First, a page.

How to Seal a Flat Tire
Getting a flat tire is one of the most annoying things that can happen to any driver, and can sometimes mean that your car is temporarily off the road while the flat is being repaired. Flat tires can happen to anyone, and it can be a good idea to carry a puncture repair kit with you when you travel. Rather than leave it to a garage, there are things that you can do to prevent a flat tire from leaking air, and if you follow a few simple rules you should be able to seal up that tire in a matter of minutes.
Step 1 - Locate the Tire Problem
Locate the point at which air is escaping from the tire. If you can see a hole, that is probably the part which needs patching, but if you can't see any obvious damage, you will need to check all around the tire to find out where the loss of air pressure is coming from. The best way to do this is to partially fill the tire using a pressure pump. Remove the tire from the wheel (you may need to unscrew the wheel using a wrench to get the tire off) and lay it down on the ground. Inflate the tire using the pump, and then watch for leaks from areas which you have already suspected are the cause of the flat. Run your hands around the tire, and take notice of any air escaping on to your hand.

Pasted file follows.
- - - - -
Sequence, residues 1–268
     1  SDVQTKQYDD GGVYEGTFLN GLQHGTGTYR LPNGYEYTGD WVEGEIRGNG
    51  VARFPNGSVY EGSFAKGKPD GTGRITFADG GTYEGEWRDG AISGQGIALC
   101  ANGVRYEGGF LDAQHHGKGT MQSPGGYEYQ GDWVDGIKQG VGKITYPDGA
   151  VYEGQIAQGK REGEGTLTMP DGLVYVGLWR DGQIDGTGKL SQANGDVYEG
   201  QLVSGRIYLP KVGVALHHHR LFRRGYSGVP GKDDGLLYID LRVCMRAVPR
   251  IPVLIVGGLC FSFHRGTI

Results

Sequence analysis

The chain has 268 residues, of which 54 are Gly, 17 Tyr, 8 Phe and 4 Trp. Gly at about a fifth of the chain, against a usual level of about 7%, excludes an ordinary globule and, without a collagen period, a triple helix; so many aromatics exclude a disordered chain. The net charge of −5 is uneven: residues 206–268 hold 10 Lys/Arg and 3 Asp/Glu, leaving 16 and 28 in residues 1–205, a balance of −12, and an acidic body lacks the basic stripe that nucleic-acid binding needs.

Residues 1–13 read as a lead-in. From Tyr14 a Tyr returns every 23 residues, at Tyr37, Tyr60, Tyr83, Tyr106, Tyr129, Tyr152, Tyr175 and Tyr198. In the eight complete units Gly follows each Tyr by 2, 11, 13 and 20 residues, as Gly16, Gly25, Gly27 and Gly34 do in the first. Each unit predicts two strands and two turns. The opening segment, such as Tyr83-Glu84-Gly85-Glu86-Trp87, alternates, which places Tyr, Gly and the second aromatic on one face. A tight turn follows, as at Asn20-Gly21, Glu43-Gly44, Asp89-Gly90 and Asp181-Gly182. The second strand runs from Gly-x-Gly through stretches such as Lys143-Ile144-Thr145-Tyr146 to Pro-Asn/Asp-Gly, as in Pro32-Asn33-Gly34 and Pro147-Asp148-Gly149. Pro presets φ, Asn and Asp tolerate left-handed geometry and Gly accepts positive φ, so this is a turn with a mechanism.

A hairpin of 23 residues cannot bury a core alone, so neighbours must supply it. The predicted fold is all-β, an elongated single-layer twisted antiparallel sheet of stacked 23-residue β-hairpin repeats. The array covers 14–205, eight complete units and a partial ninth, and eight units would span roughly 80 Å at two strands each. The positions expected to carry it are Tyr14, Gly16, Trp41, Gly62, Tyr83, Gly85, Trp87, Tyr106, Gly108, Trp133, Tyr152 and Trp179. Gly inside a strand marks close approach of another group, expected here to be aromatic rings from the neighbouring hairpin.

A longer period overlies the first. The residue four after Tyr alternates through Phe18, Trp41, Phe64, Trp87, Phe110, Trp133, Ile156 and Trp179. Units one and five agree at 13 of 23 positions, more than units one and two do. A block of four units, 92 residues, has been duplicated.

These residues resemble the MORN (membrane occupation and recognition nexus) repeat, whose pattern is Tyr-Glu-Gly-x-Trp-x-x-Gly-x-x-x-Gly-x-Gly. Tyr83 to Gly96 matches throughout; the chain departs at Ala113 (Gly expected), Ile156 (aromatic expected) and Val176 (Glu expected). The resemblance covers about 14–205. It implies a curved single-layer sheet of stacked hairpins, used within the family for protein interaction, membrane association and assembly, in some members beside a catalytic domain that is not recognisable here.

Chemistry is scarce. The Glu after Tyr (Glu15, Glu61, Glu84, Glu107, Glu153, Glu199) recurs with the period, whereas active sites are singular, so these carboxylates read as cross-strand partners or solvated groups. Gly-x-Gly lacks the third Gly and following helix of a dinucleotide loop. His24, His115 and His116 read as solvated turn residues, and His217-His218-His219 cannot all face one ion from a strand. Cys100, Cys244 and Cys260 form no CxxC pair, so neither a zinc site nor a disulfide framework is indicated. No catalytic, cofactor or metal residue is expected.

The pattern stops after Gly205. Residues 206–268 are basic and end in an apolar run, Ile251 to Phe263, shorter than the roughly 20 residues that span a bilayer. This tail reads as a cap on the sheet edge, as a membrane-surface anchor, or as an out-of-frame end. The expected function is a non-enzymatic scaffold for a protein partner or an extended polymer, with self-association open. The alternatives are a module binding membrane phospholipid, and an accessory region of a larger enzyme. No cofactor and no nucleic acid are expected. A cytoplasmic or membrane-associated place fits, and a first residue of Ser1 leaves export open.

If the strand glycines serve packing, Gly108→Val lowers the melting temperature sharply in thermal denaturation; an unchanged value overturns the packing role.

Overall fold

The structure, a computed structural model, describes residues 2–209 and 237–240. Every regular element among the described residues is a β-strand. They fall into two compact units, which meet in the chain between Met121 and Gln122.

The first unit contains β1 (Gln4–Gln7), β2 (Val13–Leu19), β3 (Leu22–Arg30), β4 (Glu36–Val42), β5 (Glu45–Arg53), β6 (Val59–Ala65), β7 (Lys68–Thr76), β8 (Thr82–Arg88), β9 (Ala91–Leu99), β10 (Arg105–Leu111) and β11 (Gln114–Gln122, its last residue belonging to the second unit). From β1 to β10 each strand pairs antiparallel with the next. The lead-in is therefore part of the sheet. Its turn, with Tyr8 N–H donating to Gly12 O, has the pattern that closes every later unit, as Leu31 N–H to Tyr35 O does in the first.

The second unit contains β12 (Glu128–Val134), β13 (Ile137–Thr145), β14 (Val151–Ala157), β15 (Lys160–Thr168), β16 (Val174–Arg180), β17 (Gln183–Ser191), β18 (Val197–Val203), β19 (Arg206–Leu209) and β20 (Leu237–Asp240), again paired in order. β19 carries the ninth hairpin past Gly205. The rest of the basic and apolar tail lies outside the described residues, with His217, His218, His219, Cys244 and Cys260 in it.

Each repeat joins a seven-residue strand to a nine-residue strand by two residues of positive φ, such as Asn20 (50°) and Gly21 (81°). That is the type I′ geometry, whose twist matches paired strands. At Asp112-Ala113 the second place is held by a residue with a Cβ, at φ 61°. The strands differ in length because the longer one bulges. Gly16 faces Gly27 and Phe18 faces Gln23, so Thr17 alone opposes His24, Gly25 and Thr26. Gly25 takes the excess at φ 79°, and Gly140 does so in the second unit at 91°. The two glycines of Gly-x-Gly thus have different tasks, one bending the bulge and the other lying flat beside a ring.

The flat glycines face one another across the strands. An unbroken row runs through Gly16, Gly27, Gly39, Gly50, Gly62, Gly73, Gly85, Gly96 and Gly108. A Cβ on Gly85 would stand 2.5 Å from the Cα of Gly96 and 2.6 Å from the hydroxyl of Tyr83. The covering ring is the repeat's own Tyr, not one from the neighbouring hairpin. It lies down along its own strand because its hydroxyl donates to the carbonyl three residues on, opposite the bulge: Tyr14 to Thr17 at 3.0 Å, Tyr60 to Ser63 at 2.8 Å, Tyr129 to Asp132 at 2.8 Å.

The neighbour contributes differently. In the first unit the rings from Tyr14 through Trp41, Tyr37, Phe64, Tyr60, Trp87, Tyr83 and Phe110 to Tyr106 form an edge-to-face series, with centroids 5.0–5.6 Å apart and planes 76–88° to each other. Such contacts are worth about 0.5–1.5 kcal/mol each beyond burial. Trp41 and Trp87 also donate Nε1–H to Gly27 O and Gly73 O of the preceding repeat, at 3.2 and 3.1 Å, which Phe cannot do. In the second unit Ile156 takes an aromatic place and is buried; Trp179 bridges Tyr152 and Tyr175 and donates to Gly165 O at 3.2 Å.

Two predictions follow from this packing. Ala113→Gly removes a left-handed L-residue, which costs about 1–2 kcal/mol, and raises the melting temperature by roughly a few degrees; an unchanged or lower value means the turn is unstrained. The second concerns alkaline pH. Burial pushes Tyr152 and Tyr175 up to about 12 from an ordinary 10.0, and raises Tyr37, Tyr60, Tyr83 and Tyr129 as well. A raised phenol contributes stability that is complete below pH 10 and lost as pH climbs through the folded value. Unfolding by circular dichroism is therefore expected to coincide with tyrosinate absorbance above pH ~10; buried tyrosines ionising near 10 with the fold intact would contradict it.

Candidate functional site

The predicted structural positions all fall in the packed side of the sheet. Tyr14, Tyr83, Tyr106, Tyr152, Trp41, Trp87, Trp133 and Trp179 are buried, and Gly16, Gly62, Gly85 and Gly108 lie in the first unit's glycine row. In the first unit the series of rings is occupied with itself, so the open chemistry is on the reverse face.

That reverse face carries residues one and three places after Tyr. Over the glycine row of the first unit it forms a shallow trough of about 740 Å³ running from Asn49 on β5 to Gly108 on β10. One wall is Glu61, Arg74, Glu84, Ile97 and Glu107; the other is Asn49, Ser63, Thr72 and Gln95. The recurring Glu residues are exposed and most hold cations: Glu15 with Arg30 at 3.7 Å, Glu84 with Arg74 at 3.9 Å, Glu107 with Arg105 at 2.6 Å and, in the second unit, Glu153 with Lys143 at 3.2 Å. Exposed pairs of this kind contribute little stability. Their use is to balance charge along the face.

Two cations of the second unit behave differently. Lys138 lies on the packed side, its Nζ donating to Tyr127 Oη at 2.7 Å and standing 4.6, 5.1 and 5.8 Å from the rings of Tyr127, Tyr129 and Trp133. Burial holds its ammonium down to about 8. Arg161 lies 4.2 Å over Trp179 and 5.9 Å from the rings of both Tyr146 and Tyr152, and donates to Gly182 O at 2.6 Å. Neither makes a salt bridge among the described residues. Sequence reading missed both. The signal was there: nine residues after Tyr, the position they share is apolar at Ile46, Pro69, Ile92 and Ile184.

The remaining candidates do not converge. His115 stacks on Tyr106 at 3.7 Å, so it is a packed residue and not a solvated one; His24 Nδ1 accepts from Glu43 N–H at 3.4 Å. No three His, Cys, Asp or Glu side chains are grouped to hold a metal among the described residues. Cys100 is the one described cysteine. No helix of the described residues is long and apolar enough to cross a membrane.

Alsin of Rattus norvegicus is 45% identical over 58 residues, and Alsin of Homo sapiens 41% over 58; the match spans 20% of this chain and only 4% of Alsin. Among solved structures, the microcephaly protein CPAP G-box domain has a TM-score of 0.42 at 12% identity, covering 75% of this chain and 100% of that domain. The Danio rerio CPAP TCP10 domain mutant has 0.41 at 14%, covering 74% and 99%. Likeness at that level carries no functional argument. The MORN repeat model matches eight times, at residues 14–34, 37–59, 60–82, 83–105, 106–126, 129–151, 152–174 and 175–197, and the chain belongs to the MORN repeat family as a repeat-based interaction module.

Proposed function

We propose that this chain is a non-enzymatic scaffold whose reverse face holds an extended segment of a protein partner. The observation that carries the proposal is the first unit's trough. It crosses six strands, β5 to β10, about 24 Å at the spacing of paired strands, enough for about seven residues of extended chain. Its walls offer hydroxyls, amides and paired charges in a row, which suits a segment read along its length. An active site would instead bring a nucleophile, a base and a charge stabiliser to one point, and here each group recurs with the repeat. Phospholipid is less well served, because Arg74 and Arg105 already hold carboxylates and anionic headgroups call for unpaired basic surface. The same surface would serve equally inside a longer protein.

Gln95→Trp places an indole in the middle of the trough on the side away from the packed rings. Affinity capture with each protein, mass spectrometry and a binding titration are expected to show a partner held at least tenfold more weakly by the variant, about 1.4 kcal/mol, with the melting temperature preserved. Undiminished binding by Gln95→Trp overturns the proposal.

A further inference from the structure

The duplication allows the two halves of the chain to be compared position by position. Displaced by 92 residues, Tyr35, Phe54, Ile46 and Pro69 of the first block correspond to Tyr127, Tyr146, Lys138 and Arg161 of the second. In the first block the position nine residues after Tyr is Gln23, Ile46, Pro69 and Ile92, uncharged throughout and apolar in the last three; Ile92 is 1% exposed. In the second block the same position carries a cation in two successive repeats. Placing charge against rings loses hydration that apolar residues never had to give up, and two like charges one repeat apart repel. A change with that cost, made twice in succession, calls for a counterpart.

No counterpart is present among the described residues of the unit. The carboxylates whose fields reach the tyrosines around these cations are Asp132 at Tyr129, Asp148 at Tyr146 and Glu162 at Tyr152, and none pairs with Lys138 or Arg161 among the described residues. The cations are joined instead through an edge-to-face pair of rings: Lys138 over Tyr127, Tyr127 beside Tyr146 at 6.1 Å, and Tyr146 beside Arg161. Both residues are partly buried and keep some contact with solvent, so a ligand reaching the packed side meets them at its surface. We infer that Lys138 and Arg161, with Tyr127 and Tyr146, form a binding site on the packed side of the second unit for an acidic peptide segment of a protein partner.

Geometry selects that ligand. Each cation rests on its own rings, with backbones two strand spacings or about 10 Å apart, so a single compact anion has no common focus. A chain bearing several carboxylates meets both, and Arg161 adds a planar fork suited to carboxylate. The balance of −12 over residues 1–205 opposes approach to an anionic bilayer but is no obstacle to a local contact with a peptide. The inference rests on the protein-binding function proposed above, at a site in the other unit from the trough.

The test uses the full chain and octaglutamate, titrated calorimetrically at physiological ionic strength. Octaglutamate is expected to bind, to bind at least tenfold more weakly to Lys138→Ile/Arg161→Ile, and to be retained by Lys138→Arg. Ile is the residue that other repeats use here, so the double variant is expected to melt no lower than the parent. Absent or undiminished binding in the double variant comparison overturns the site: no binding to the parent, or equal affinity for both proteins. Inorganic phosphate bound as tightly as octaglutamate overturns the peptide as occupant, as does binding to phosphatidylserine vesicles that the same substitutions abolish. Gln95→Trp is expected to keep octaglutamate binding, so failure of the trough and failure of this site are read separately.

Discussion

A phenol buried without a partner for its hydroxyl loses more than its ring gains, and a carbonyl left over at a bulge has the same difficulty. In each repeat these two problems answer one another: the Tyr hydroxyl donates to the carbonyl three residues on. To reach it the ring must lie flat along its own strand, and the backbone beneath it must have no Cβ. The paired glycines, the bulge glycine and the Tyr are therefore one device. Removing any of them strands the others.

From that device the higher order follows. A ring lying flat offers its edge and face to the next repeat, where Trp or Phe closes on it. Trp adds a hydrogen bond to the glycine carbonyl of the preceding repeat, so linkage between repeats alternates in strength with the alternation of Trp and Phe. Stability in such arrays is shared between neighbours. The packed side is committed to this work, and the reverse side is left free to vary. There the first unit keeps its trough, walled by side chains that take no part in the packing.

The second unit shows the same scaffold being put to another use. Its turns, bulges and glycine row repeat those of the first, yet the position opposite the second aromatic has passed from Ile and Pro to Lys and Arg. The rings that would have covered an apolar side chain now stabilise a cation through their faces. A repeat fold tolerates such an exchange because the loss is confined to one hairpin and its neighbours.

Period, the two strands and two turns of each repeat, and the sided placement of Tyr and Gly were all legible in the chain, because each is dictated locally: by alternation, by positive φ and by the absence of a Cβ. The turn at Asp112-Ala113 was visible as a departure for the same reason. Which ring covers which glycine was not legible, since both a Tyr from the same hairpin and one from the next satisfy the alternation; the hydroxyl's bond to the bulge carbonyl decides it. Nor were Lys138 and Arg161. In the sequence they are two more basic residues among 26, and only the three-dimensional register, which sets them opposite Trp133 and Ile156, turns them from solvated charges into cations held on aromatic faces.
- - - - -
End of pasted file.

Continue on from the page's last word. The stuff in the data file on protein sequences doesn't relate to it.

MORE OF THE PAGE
Step 2 - Repair the Leak
Once you have found the leak, you can create an airtight seal using a standard bike tire puncture repair kit. If the hole is small enough, just dab a layer of the glue over the indent, and leave to dry. If you need to repair a larger hole, just add a tire patch and seal it in place with the glue. Take the tube of sealant, and squeeze it around the area where the hole is, or place the patch over the damaged space first. Take care that the glue forms an air-tight seal around your space, and then leave it to dry. These methods should keep air from leaking out.
Step 3 - Finish Up
Once you have allowed the glue to dry, push some air back into the tire. The air should now swell the tire without escaping. If you find that there is still a leak in the tire, check the glue first, and then examine the rest of the tire. A wheel tire which has been penetrated by nails may only have one hole, but it if was sharp grit, or just general wear and tear, then there may be small holes in a variety of different places. When the tire is completely fixed, place back onto the wheel, and screw the wheel back onto the axle using a wrench or a screwdriver.